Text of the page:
The new iPhone 4S has three important wireless networking enhancements that its predecessor lacked, including dual-network world phone capabilities.
But more important to many would-be buyers, however, may be that it comes with unique technology that switches a radio signal between its two exterior antennas to provide better reception.
Those two antennas were behind the 'Antennagate' brouhaha that erupted last year after the iPhone 4 launched and users found that holding the device a certain way led to dropped calls. With the iPhone 4S, Apple seems to have come up with an internal fix for the "death grip" issue, analysts said.
Apple officials only briefly mentioned the new antenna design in their presentation, and an Apple statement about the new phone, which goes on sale October 14, was succinct: "Improving on the innovative stainless steel external dual-antenna design of iPhone 4, iPhone 4S is the first phone to intelligently switch between two antennas to send and receive."
Apple didn't respond to a request to more details. But Gartner analyst Michael Gartenberg said the company probably tweaked the new phone's hardware and software to eliminate reception problems that plagued some iPhone 4 devices.
"Apple didn't go into details of what they are doing, but they were clearly laying to rest early on the issues over reception seen in iPhone 4," Gartenberg said. "Since the iPhone 4S exterior design is relatively unchanged from iPhone 4, people were obviously wondering if there would be any issues with the antenna again, call it 'Antennagate' or whatever."
A world phone
The new iPhone 4S also functions as a world phone that works with both CDMA and GSM networks.
That means that customers of Sprint and Verizon, which have CDMA networks, will have to use GSM networks if they travel abroad, since GSM is widely deployed globally. And they will also be subject to roaming policies and will have to pay rates that can be quite high, analysts noted.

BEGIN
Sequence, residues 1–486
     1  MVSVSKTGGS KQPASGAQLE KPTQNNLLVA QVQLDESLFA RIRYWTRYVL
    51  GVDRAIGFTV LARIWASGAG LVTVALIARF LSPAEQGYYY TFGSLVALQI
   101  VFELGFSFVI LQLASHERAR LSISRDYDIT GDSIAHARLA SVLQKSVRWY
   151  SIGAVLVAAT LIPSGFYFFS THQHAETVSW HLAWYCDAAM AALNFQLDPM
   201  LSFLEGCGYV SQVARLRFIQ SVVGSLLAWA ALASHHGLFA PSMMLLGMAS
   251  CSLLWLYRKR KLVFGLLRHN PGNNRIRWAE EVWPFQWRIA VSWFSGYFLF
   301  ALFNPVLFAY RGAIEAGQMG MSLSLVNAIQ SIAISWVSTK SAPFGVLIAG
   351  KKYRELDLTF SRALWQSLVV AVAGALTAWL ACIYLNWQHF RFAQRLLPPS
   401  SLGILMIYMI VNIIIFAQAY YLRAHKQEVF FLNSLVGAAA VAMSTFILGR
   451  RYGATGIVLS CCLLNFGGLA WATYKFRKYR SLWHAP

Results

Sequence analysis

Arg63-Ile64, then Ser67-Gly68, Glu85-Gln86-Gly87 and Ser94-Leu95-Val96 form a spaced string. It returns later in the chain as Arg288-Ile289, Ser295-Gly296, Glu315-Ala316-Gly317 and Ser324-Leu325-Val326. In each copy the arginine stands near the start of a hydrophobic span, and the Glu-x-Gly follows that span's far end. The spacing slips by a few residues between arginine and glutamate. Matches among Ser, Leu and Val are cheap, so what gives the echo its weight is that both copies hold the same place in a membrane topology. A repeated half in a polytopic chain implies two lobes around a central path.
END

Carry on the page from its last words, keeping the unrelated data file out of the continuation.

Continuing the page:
"The world phone is a big thing, especially for a lot of users who travel internationally," Burden said.
Both Gartenberg and Burden noted that Apple benefits from having both GSM and CDMA inside the iPhone 4S, because it can simplify future updates to one model. "You will have one phone for multiple carriers," Burden said.
HSDPA means fast downloads
Apple boasted that the iPhone 4S supports download speeds of up to 14.4Mbps with HSDPA (High Speed Download Packet Access) technology. Burden said that capability will work on many GSM networks globally, including AT&T in the US.
However, Apple included a footnote in its press release noting that "HSDPA availability and network speeds are dependent on carrier networks."
In fact, only AT&T will support HSDPA. On Sprint and Verizon networks, download performance is governed by the CDMA/1x EV-DO rev. A standard, so speeds will reach up to 3Mbps at best, according to industry standards.
Additionally, AT&T will only have the faster 14.4Mbps downloads where it has provisioned HSDPA. And that download speed is considered a theoretical maximum, in reality the average user in a crowded tower zone won't experience that level of performance.
Gartenberg said the network improvements are not what he considers the best new features in the iPhone 4S. Instead, he pointed to the faster dual-core A5 processor, the 8 megapixel enhanced camera and speech recognition capability using Siri.
The fact that Apple stuck with the same exterior design as the iPhone 4 isn't going to be a problem, he contended. "People like that design and it sold incredibly well," Gartenberg said. "It makes sense to keep it."
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